Maestro Fellini depicts the Don Quixote-like life of Casanova who worshiped women through sex
|Cast||Donald Sutherland, Cicely Browne, Tina Aumont, Margareth Clémenti|
1758, Venice is bubbling with the heat of a carnival. Casanova receives a letter from the French ambassador to meet a nun, Maddalena. Landing in San Bartolo island as specified, he is lead to the ambassador’s villa. Maddalena, the ambassador’s mistress, was to show her copulation to please his voyeuristic tastes. Casanova fulfils their expectations, whilst fluttering the golden bird. Born to love women, his history with women begins, obsessed with the eccentric idea of loving woman equally regardless of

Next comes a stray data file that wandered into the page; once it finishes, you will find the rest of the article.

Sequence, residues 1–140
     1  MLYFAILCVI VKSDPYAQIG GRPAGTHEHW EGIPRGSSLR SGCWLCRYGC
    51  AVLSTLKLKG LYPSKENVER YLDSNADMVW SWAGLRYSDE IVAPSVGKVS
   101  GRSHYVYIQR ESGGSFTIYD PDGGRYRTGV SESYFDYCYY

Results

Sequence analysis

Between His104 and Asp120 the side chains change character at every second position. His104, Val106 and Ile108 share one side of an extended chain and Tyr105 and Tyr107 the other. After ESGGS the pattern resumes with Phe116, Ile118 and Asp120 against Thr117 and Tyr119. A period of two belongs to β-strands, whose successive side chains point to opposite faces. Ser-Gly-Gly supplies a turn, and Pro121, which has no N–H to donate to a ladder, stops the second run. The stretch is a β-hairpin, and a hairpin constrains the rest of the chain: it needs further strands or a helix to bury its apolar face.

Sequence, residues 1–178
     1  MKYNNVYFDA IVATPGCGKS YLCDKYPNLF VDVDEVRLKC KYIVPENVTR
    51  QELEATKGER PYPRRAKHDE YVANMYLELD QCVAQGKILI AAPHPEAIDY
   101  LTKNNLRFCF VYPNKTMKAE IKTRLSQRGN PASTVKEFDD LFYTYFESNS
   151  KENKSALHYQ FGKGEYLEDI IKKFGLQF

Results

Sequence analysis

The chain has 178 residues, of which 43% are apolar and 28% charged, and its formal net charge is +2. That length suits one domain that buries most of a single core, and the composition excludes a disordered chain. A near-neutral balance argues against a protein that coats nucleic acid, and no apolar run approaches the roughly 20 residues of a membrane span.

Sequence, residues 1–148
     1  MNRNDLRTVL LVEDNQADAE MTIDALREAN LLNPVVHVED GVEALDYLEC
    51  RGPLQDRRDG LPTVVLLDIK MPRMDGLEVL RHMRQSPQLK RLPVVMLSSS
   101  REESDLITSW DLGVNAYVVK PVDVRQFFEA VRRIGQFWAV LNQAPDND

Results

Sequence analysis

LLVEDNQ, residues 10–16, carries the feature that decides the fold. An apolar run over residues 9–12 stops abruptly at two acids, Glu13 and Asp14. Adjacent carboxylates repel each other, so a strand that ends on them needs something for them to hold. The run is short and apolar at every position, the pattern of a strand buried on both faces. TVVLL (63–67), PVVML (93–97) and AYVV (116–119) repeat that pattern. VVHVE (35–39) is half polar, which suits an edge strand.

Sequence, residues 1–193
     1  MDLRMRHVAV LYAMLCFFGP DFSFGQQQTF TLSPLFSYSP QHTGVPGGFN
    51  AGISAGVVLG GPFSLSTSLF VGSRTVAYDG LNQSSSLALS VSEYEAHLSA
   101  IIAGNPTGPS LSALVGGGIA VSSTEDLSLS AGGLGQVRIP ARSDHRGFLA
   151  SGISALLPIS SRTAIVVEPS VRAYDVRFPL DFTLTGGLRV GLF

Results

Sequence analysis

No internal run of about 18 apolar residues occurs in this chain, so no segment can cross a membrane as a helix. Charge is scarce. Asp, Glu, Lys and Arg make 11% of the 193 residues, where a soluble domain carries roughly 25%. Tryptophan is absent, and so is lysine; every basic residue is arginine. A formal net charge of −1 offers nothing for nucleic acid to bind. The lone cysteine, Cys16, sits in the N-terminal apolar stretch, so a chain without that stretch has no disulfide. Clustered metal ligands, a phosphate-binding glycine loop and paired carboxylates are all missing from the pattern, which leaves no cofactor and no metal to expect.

(1920-1993) [Director] Born in Rimini Italy. Fascinated by a circus in his childhood, he was said to have left home many times to chase the troupe. 1939, he begins drawing portraits and writing for the radio in Rome. He also began writing for Aldo Fabrizi’s team around this time, helping their local tours, bringing him closer to the film industry. Post-war, he collaborates with Roberto Rossellini in writing “Rome, Open City” (‘45) delving into the centre of Italian Neorealism. His third film as director “I Vitelloni” (‘53) was highly acclaimed and was awarded the Silver Lion Award at the Venice International Film Festival. Then, moving his base to Cinecittà Studios in Rome, he produces “La Strada” (’54), “La Dolce Vita” (’60), and “8 1/2” (’63), becoming one of Italy’s most acclaimed directors.